Aston, the Silverstone squad, displayed a captivating start in Bahrain, catching the attention of many as lead driver Fernando Alonso took home five podiums in the initial six races. However, as the summer progressed, the team faced challenges, most notably on mixed corner circuits. Aerodynamic efficiency, during these rounds, was at a high premium, limiting Alonso to just a single additional podium in the subsequent eight races.
Currently, Aston is considerably behind Mercedes in the constructors’ table, and the increasing pressure from a steadily recovering McLaren team has become a cause for concern. Aston’s performance director, Tom McCullough, conceded that the team’s development hasn’t been as robust as initially planned. He acknowledged that their rivals, who started the season on a shaky note, have made visible improvements.
“We were aware that some teams were underperforming at the beginning of the season and would eventually regain their stride, primarily, McLaren and Mercedes,” McCullough shared in a response to F1 Initiative when questioned about Aston’s expectations following their promising start.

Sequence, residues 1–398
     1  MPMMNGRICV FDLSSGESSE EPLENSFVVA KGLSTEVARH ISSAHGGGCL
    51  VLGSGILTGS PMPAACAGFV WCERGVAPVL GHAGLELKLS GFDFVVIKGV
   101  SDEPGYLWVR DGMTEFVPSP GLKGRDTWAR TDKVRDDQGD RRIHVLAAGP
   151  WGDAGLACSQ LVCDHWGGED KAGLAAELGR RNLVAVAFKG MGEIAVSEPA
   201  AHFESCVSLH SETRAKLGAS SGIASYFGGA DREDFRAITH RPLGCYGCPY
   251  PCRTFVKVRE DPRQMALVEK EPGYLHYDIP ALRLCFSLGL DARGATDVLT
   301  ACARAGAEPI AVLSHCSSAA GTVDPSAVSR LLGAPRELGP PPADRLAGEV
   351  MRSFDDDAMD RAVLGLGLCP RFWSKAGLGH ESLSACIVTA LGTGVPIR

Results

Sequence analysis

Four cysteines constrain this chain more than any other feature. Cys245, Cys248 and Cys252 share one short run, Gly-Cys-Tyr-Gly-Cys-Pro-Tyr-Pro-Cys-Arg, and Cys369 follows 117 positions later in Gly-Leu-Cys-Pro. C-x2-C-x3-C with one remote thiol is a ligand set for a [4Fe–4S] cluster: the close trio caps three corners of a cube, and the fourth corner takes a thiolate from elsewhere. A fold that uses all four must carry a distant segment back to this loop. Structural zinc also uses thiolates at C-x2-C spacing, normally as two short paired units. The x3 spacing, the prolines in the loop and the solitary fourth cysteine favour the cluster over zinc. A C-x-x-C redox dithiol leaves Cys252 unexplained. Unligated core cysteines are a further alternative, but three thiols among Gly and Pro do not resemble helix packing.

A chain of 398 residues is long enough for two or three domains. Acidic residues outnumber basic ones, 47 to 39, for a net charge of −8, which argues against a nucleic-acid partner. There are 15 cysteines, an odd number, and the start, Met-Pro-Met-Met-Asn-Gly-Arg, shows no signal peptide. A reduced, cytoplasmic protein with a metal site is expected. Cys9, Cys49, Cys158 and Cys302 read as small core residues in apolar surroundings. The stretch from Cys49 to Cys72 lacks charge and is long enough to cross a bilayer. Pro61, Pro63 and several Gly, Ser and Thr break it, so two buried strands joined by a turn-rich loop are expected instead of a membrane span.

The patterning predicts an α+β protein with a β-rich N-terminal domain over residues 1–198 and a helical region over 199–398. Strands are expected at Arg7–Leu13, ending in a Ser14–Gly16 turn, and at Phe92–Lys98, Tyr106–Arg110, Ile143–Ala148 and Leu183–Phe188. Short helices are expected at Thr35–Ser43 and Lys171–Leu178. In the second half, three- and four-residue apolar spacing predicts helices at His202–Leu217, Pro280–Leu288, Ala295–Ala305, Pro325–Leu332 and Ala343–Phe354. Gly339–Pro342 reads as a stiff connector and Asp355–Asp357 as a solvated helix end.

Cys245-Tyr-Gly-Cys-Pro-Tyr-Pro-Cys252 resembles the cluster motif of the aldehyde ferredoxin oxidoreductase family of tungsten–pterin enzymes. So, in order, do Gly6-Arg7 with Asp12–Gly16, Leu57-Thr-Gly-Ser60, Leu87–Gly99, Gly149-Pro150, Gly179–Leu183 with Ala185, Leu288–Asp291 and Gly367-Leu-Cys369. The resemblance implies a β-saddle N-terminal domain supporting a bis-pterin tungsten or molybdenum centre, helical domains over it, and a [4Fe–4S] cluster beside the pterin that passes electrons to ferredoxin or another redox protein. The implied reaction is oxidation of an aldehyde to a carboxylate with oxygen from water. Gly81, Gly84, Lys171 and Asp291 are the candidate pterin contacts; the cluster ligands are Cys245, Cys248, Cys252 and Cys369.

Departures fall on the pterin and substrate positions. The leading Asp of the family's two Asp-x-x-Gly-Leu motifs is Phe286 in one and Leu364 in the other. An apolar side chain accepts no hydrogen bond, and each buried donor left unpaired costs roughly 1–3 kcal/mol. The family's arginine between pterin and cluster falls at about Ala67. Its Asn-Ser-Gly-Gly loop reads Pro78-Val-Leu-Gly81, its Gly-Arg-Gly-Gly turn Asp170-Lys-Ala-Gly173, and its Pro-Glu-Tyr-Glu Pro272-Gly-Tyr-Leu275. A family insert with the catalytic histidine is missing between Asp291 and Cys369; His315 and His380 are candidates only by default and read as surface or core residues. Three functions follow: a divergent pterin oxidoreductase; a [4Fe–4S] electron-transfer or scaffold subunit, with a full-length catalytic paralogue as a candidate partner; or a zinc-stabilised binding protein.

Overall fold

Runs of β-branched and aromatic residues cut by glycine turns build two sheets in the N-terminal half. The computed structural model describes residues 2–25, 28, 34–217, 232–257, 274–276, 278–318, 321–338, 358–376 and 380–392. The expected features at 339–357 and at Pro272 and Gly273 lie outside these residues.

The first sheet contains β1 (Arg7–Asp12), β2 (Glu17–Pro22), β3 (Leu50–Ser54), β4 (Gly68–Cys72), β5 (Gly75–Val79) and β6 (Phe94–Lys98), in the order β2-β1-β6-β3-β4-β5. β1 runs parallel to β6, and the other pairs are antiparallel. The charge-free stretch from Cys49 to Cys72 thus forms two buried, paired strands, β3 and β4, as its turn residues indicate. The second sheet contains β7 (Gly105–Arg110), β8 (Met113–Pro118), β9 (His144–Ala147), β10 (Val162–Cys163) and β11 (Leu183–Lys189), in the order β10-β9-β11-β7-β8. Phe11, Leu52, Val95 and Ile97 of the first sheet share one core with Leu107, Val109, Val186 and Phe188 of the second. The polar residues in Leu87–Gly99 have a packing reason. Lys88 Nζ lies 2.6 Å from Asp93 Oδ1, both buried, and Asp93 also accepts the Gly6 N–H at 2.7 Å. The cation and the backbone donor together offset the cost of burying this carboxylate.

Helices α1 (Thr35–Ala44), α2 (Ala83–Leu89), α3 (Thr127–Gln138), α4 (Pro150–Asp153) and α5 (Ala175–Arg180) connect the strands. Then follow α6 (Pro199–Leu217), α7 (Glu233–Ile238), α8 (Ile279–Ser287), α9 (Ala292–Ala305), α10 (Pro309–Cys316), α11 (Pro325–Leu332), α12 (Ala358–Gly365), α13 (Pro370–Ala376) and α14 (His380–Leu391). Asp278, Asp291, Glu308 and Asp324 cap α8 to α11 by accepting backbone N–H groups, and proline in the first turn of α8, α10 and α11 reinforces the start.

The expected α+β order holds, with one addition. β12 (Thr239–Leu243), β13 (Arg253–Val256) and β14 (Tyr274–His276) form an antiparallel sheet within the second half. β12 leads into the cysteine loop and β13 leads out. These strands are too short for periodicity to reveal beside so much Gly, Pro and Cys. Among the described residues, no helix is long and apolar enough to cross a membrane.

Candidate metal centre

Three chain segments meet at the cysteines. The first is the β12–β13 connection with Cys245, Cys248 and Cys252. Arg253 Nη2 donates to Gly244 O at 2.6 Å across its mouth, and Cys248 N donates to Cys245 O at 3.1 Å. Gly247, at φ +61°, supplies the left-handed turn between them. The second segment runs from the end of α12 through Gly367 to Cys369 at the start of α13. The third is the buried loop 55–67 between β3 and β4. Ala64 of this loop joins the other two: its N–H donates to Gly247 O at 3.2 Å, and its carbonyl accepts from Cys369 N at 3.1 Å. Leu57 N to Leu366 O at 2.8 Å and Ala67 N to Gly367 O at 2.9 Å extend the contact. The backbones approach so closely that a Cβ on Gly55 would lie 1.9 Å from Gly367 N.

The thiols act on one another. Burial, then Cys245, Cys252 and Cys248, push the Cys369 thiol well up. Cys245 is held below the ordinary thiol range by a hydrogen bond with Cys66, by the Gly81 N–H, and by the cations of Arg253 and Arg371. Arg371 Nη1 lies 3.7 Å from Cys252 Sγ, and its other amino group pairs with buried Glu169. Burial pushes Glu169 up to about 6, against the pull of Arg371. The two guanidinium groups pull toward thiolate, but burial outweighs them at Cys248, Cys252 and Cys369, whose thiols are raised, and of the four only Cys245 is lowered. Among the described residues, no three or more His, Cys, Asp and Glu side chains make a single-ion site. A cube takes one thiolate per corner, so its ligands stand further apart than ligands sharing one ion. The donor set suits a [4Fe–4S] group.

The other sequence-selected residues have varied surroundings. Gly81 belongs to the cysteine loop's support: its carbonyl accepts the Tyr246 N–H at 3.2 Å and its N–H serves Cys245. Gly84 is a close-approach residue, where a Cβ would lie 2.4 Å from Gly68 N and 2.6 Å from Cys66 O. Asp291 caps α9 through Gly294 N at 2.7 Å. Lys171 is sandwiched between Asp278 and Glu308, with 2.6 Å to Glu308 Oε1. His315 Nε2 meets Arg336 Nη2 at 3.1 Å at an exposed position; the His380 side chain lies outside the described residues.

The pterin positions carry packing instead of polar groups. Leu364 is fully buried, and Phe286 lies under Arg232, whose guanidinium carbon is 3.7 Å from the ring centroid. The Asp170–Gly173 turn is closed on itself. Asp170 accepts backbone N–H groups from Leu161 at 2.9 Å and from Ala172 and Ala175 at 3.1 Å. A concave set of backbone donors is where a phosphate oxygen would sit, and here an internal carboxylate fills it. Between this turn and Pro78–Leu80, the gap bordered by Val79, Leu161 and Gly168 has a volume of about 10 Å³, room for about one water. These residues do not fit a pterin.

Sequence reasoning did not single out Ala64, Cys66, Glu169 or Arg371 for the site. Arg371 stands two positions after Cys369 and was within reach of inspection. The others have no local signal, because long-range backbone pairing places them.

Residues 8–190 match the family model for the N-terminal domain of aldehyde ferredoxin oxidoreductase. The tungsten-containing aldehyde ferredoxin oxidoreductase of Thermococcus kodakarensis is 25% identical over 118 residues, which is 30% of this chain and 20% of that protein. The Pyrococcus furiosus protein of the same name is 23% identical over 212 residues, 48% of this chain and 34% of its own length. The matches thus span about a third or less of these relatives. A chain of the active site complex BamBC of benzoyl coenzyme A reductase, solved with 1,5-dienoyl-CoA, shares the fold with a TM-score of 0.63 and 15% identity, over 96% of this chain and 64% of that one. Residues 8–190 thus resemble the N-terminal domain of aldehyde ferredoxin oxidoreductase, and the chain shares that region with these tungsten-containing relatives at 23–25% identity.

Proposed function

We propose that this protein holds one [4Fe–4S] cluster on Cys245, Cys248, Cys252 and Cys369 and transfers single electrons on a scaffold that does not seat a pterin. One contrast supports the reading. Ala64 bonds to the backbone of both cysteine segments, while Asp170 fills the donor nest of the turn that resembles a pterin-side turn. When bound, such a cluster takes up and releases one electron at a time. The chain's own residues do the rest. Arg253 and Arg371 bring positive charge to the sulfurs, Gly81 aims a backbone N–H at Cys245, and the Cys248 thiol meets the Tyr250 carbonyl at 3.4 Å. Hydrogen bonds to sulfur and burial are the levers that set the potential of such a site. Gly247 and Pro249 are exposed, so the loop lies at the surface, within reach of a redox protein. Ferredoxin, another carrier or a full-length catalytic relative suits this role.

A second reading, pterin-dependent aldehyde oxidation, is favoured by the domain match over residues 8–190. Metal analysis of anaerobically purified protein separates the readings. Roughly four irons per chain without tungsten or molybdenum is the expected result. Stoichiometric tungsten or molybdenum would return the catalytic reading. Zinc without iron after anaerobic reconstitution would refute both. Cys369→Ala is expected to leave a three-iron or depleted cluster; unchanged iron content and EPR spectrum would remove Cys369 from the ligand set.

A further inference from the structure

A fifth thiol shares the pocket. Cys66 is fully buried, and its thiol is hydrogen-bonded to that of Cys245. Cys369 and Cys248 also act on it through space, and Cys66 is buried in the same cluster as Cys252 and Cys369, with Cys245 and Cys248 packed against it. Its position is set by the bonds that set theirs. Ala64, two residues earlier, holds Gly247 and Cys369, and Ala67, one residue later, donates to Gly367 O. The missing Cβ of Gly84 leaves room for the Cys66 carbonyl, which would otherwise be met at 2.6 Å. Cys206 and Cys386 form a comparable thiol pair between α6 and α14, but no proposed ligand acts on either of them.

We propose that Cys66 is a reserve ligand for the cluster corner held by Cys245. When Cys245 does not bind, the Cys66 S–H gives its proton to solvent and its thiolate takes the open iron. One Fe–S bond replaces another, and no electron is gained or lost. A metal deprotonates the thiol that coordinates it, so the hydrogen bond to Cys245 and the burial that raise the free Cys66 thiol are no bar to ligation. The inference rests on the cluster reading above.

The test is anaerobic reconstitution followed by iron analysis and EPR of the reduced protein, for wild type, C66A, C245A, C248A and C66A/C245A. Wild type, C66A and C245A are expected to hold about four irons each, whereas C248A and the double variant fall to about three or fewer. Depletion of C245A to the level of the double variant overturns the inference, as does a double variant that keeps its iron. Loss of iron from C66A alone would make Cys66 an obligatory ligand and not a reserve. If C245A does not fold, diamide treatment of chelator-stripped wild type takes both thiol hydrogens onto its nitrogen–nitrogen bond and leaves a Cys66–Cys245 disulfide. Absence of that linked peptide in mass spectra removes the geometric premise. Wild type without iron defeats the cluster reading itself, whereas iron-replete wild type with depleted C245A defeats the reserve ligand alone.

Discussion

McCullough divulged that they had been somewhat taken aback by their initial standing as the second or third fastest team. However, they were also conscious of the thin lines differentiating the second, third and fourth fastest teams. Falling behind wasn’t hard considering the minor differences in their speeds, he added. McCullough further noted that the issue didn’t lay entirely in the development pace but more so in making the vehicle faster. He confessed, “We definitely wished we had developed stronger than we’ve ended up.”
Despite the technical directives introduced in Singapore not playing any role in their performance decline, the team is confident about their understanding of where their shortcomings lie. Their goal is now to build a 2024 car that exhibits more efficiency and competitiveness in harsh downforce, straight-line speed, and low-speed handling circuits.
McCullough assured, “The TD has not influenced our performance. It’s more about the track characteristics and fundamental development race.” Understanding their car’s strengths and weaknesses from the first test and race, the team has been diligently working to improve their areas of weakness.
Struggles were indeed noticed at the Japanese Grand Prix, where Alonso finished eighth, trailing 1m14.725s behind the winner, Max Verstappen. Additionally, Lance Stroll, Alonso’s teammate, was forced to retire due to a broken rear wing. The team is, however, hopeful about better results at the upcoming Qatar race, where the importance of aerodynamic efficiency is less emphasized than it was in Suzuka.
McCullough explained that Qatar’s high-speed corners and the reduced need for efficiency would work to their advantage. He added, “We were struggling with competitiveness in both high-speed and low-speed corners as well as straight line [in Japan]. Qatar presents a different scenario. Although certain cars are faster in high-speed corners, we hope to be a bit more competitive.”